So, I finally got ’round to watching Bones today…and my Hulu queue is empty for the first time in weeks! Very exciting.
Anyway, this episode had a couple of things to unpack.
One of them was the intern of the week, Ms. Wick, brought back on probationary status after Sweets pleaded with Bones to give her a chance. One of the interesting things about Ms. Wick is that she’s neuroatypical, like Bones, but in a different way, and as a result, she grates on, well, everyone, including viewers. At the same time that I find myself being frustrated by her, though, I also empathize with her; she’s in a world with people who think and operate differently than she does, and it’s obviously tremendously frustrating.
I loved the scene in which she told Sweets off for infantalizing her by trailing her around at work to keep her out of trouble. She stuck up for herself in a really great way, and brought up a common problem experienced by neuroatypicals: The assumption that they must be lacking in intelligence because of the way they process information, think, and interact with people. Actually, as Ms. Wick points out, she’s quite smart, very aware of what’s going on, aware of the fact that people have trouble relating to her, and doesn’t appreciate the hovering.
And the scene in which she and Bones both get enthused about their discoveries was a great aha moment in a lot of ways. It was a chance for viewers to also see that, you know, people who grate on you maybe won’t always grate on you, and that there are reasons for it. Ms. Wick is just excited about everything! She can’t help it! She’s working with awesome people! There’s so much to learn! So it was nice to see her again, in an odd way.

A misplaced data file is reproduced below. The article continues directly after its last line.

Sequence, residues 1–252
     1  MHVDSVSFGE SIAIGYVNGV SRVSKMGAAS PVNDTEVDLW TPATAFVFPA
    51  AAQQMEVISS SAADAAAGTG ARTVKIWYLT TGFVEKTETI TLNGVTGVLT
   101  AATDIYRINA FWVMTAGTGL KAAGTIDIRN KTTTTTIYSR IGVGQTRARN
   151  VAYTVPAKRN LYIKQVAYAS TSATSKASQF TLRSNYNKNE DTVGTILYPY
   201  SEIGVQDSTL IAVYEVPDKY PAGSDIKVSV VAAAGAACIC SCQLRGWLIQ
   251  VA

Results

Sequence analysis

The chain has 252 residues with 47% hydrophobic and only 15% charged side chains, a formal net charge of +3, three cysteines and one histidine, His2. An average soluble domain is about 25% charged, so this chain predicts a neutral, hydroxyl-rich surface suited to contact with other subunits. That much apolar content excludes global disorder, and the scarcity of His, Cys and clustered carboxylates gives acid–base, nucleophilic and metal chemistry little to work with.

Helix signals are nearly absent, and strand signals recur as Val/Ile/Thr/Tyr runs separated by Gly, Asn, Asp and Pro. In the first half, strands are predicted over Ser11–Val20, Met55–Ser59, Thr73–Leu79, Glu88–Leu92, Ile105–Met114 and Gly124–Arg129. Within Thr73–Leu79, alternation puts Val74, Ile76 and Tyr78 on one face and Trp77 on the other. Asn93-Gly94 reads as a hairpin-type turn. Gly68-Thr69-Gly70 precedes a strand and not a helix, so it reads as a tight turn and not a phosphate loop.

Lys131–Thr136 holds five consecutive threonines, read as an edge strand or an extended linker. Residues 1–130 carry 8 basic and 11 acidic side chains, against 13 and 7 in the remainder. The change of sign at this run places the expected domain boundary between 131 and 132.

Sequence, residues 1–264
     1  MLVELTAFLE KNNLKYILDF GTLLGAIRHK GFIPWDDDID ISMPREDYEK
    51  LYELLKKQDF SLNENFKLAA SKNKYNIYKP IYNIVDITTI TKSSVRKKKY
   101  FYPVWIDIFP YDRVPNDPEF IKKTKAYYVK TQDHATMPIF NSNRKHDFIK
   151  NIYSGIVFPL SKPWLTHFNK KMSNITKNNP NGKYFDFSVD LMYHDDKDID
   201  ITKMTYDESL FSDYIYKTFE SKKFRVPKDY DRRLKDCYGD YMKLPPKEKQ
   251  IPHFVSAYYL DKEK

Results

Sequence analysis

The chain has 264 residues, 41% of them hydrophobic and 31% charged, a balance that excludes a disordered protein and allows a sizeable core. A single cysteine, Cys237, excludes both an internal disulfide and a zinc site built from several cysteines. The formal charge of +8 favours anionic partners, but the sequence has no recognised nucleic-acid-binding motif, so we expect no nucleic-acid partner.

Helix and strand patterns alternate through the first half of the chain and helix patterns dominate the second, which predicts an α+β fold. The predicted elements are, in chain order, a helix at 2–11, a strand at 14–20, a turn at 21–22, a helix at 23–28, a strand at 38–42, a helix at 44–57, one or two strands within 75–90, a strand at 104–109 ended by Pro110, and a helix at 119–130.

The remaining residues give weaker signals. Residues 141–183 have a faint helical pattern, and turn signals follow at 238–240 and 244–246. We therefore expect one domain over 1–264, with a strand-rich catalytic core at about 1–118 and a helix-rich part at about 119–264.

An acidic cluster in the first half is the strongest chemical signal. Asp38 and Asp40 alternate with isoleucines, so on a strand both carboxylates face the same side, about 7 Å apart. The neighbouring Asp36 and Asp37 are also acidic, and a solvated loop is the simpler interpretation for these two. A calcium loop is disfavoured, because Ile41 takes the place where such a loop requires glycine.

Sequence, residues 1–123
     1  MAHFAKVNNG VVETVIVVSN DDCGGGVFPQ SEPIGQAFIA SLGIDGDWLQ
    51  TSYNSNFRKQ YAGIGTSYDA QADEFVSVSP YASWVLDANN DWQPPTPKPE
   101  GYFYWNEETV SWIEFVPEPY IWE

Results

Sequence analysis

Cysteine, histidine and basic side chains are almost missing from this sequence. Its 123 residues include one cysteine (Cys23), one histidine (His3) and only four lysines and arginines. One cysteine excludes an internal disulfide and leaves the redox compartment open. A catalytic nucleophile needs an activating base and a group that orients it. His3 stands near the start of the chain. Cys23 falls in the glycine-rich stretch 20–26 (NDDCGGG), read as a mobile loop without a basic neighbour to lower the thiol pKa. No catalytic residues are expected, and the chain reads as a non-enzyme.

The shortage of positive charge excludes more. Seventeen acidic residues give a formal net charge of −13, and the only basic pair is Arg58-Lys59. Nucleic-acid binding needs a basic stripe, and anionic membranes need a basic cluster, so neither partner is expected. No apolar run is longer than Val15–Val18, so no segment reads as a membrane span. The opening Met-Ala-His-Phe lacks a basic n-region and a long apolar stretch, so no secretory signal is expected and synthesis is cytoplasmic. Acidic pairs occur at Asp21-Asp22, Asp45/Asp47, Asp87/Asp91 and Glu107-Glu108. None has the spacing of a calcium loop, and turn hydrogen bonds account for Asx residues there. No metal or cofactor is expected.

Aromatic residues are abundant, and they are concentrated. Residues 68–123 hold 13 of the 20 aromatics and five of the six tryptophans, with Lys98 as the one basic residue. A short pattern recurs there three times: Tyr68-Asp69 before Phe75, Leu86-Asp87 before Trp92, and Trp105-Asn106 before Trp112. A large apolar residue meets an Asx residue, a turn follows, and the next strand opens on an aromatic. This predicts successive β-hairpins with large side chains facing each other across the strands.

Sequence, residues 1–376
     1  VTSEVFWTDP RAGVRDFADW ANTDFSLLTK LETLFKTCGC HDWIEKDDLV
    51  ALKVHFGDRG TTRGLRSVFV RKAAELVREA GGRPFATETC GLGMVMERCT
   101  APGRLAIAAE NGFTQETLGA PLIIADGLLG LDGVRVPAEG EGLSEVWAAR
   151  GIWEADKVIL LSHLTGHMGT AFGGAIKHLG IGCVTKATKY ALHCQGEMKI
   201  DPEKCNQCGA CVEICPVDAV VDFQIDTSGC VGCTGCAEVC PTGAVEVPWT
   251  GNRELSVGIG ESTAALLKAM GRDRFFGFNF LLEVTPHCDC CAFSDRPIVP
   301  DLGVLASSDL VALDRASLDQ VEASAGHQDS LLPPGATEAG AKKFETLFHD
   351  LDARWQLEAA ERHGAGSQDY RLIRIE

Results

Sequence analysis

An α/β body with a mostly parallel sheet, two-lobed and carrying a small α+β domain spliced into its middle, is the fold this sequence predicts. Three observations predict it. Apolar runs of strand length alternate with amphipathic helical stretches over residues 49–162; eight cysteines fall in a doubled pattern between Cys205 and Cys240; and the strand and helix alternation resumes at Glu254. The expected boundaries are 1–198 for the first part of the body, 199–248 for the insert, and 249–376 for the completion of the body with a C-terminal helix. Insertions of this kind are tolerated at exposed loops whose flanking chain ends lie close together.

We also saw Booth’s jealousy coming out in full flower as Brennan with out with his boss…sigh…I knew they were going to pick up the romance thing again, but it still frustrates me and makes me sad. Everyone treats Brennan like a child because she hadn’t picked up on the fact that Booth likes her, which is also really annoying, speaking of disability issues and assumptions about neurotypicality, and…you know, it’s like it hasn’t occurred to any of them that maybe she’s not interested. I realize that’s not where the creative team is taking the show (would that they were) but I hate this thing on television where if one character is interested in another, it must mean that the object of the affection is also interested.
Speaking of sexuality, I haven’t mentioned this, but I specifically like that Angela is identifying as celibate, not as asexual. It’s a common confusion, the idea that if you’re not having sex, you’re asexual, so I’m glad that they haven’t made this mistake (so far). Angela is indeed celibate because she’s sexual, but not right now, and by choice. It’s kind of a subtle thing, but I dig it.
The plot of the show, involving a stolen mummy, was also kind of interesting, although they touched only topically on issues like the theft and mutilation of antiquities. The reason for the murder, as it turns out, was pure and simple greed, and I have to say that even though I know it’s a TV show, I couldn’t help but gasp at the thought of damaging a priceless artifact for money. It made me feel a bit sick, actually.
(Read Laura’s review of the episode over on Adventures of a Young Feminist, if you’d like a bit of a different take.)